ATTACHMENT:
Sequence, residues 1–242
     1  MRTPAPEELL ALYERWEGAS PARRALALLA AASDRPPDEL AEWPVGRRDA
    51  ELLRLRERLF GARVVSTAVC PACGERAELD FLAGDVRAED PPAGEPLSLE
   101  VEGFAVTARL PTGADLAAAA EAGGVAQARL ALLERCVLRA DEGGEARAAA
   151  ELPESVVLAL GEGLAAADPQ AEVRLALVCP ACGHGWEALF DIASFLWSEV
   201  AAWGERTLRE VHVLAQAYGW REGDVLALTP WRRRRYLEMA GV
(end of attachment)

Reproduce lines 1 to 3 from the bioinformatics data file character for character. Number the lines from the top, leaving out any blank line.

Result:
Sequence, residues 1–242
     1  MRTPAPEELL ALYERWEGAS PARRALALLA AASDRPPDEL AEWPVGRRDA
    51  ELLRLRERLF GARVVSTAVC PACGERAELD FLAGDVRAED PPAGEPLSLE